Not only did he cut me off again, but when I didn't stop talking fast enough, he simply shouted the telephone number over the top of me.  That was basically the end of my conversation except that I said, "wow," and he hung up.

Now, I work in a service industry, so I understand that it's not always easy to provide your very best service.  It's also not always easy to take your very best photographs, cook your very best meals, or easy to do your very best of anything.  If it was easy, it wouldn't be your very best.

Sadly, that kind of behavior goes way beyond the day to day challenges of service.  It is a window into the spirit of a person who has lost their work ethic entirely.  Stopped caring about even trying, let alone being the best at whatever they are.

People often talk about a strong work ethic as though it was a list of characteristics.  They might give you a list that says a good work ethic is:
  • Getting to work on time.
  • Not missing work.
  • Working hard.
  • Being honest with your co-workers, employers and customers.
  • Showing commitment and dedication to your work.
I think those are the indicators that a strong work ethic is present, but those things are no more a strong work ethic than warmth and light are the sun.  The sun produces warmth and light, but it is much, much more.  It is also much simpler, and a strong work ethic is no different.  A truly strong work ethic is no more, and no less, than the drive to be exceptional at whatever it is your work entails.  When you have that, all the things in that list will happen on their own.

Martin Luther King Jr. delivered a sermon in 1967, which was titled "The Three Dimensions of a Complete Life."  If you've never heard of it, you've really been missing out.  The complete text, and the complete audio are available here, and it's well worth your time to read and/or listen to it.  This sermon is often referred to as, "The Street Sweeper," speech because of the following passage:
What I’m saying to you this morning, my friends, even if it falls your lot to be a street sweeper, go on out and sweep streets like Michelangelo painted pictures; sweep streets like Handel and Beethoven composed music; sweep streets like Shakespeare wrote poetry; (Go ahead) sweep streets so well that all the host of heaven and earth will have to pause and say, "Here lived a great street sweeper who swept his job well."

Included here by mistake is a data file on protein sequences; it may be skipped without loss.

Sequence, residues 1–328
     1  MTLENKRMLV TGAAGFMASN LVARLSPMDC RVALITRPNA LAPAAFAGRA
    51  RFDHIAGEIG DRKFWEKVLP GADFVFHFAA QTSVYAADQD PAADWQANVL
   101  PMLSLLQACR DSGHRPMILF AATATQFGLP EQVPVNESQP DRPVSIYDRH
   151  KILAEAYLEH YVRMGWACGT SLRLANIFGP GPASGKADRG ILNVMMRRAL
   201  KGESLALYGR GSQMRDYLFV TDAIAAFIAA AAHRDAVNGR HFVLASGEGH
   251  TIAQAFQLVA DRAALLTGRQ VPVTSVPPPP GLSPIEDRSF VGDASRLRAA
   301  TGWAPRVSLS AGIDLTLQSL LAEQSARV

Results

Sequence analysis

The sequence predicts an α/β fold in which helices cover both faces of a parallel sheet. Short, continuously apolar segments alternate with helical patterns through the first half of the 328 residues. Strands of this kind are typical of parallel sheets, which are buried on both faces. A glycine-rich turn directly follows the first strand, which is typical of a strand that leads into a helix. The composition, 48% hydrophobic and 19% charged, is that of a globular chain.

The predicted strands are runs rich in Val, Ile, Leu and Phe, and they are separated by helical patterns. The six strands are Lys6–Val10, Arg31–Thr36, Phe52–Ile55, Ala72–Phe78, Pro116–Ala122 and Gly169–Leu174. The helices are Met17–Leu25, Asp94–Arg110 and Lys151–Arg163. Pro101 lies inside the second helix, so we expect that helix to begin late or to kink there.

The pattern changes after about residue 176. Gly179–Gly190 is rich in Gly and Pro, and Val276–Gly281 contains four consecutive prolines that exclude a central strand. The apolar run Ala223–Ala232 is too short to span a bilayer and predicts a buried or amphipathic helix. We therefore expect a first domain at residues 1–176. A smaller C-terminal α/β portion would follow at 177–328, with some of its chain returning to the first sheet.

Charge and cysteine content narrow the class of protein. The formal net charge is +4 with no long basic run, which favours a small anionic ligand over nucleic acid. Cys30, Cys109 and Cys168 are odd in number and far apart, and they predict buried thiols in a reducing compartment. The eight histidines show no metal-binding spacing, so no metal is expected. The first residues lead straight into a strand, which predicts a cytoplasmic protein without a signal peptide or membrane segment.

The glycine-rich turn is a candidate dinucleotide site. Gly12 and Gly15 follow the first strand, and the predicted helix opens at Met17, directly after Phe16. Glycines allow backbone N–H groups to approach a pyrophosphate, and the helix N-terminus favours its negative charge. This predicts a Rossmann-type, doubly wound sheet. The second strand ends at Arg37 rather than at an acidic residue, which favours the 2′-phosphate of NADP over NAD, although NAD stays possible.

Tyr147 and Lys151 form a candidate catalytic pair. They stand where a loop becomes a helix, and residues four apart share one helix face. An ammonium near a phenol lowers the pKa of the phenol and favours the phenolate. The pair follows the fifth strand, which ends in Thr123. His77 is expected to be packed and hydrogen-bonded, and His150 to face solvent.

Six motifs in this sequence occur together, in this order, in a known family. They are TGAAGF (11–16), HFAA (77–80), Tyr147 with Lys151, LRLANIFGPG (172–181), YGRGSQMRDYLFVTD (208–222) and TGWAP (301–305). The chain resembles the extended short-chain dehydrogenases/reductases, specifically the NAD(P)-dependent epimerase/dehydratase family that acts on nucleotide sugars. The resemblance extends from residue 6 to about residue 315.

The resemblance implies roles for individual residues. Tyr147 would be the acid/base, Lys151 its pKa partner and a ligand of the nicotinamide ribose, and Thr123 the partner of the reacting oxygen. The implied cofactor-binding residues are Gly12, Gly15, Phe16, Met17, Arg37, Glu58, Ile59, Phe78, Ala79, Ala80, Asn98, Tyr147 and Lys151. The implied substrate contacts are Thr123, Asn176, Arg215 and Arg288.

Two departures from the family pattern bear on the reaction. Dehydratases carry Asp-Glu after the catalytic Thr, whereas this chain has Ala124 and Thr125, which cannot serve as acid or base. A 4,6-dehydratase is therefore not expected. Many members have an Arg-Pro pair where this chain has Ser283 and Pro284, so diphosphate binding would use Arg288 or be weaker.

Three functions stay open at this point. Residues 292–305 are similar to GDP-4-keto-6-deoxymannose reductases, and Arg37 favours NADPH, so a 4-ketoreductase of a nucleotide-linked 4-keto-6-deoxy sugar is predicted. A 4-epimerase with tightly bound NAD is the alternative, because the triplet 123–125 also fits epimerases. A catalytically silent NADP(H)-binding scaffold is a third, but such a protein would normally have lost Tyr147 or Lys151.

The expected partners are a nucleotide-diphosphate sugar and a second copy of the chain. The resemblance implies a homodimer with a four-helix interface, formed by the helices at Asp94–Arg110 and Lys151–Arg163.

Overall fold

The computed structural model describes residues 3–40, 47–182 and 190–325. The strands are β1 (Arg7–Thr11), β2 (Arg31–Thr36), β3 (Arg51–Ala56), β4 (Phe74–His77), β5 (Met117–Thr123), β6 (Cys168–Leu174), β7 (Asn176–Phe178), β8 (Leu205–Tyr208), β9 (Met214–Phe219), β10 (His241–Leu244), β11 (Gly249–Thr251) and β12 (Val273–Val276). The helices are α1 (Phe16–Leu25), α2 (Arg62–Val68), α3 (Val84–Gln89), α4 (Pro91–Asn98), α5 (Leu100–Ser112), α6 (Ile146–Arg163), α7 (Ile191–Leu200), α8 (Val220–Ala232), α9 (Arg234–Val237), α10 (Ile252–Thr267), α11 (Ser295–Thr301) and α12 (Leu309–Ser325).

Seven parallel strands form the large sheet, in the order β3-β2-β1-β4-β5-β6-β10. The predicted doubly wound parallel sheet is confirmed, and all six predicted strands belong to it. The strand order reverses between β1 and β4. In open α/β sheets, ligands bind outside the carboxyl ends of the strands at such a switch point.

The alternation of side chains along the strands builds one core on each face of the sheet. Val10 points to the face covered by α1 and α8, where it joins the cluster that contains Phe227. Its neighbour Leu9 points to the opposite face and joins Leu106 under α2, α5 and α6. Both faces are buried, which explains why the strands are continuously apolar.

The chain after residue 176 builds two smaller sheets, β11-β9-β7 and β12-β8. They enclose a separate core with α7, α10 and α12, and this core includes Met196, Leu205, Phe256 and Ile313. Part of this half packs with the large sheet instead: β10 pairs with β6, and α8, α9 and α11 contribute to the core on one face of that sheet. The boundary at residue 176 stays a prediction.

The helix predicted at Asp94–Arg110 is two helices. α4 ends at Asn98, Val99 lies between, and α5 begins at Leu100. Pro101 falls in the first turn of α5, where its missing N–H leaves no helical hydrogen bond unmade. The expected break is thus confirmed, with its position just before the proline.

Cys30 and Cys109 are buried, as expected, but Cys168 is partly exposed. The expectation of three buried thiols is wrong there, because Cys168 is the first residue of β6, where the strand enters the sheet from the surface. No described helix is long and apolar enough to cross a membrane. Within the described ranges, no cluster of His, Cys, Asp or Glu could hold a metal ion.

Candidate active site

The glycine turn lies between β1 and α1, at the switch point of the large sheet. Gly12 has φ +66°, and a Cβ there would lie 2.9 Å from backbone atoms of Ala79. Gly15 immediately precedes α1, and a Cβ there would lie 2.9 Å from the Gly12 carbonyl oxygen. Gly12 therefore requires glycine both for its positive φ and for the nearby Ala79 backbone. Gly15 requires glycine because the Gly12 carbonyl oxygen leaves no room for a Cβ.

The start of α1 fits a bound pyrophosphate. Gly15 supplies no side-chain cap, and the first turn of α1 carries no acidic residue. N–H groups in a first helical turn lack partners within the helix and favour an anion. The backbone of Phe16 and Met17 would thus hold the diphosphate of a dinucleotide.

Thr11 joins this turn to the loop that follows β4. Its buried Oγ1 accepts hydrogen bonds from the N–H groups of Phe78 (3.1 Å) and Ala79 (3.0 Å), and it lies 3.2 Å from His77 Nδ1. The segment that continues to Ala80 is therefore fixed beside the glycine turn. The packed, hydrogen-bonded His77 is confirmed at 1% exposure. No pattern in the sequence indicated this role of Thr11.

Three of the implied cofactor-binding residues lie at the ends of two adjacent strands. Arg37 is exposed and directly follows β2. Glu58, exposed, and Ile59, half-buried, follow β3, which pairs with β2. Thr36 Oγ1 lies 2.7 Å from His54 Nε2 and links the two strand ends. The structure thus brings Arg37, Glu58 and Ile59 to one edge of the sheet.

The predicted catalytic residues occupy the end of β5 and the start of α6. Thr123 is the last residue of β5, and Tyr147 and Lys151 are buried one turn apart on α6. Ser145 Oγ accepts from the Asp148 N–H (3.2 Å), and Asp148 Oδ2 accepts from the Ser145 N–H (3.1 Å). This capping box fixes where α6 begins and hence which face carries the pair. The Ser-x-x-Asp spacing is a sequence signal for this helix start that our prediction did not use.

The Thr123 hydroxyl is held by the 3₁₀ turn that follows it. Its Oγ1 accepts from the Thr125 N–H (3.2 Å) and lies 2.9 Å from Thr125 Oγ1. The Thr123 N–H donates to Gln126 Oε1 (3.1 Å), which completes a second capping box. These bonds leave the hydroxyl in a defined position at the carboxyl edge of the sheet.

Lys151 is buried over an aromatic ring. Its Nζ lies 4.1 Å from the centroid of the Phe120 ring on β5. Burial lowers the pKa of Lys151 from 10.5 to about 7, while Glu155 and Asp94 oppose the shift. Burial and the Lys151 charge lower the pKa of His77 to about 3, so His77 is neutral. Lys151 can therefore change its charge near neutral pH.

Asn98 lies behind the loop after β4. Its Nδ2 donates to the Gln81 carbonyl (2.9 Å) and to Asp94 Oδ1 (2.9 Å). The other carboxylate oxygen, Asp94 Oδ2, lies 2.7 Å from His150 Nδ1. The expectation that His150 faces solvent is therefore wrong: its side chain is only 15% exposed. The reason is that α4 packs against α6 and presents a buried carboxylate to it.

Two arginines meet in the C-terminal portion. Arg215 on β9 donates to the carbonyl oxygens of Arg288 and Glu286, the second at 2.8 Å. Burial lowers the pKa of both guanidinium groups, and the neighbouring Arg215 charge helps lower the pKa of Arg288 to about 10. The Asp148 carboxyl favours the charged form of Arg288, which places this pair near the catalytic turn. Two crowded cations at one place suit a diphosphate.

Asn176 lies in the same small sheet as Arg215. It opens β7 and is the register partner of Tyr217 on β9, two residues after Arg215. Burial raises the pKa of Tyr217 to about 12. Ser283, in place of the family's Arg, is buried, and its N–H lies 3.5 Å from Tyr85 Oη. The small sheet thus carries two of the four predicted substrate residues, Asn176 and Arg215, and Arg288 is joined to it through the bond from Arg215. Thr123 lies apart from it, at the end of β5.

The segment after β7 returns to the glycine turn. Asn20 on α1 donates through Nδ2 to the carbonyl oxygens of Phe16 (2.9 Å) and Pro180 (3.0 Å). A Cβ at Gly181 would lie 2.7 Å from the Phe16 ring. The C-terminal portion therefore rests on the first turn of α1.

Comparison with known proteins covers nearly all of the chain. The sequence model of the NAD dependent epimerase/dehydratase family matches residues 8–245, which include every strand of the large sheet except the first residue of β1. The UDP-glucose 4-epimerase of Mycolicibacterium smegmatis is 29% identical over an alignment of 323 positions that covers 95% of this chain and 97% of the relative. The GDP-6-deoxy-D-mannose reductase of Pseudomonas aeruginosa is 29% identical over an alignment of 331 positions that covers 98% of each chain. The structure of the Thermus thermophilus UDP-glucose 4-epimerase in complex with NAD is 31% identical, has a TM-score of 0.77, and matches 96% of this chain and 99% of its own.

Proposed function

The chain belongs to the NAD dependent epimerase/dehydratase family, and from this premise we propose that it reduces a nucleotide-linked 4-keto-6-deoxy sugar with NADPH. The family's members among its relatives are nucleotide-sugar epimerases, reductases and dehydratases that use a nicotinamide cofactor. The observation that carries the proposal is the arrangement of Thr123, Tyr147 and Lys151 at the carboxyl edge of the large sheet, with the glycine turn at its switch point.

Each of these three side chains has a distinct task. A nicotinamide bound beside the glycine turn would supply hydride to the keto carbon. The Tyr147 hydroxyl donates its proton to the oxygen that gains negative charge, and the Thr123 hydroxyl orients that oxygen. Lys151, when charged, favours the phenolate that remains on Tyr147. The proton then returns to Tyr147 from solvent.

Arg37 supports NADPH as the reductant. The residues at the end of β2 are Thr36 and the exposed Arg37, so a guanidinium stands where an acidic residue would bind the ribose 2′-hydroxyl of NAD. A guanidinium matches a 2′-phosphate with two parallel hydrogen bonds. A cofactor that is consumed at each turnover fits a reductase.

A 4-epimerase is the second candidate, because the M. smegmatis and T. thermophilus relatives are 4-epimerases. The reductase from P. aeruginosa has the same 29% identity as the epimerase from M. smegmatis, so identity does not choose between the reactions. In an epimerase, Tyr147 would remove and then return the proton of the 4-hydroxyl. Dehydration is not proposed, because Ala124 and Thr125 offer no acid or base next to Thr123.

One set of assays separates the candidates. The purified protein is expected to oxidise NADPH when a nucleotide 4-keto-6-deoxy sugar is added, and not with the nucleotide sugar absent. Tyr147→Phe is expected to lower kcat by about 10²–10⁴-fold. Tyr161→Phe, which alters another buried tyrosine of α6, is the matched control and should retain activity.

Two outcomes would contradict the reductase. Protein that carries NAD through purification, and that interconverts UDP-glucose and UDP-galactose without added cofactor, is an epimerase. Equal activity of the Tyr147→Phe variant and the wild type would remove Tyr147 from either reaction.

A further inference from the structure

If you can’t be a pine on the top of a hill
Be a scrub in the valley—but be
The best little scrub on the side of the hill,
Be a bush if you can’t be a tree.
If you can’t be a highway just be a trail
If you can’t be the sun be a star;
It isn’t by size that you win or fail—
Be the best of whatever you are.
And when you do this, when you do this, you’ve mastered the length of life.
If you really stop to take that in, you'll realize it's powerful stuff.  Sweep streets like Michelangelo painted pictures.  No matter how dissatisfied you may be with your lot in life, do what you must do, as though it was the greatest art, and the deepest desire of your heart.

We all become dissatisfied with our lot from time to time.  Questioning our choices, past and direction are part of what makes us human.  However, that dissatisfaction, that questioning, is never an excuse to do your job poorly, or put lest than a full and honest effort into whatever work you must do.  If you believe that your job is beneath you, then prove it by doing your job so well that you rise above it.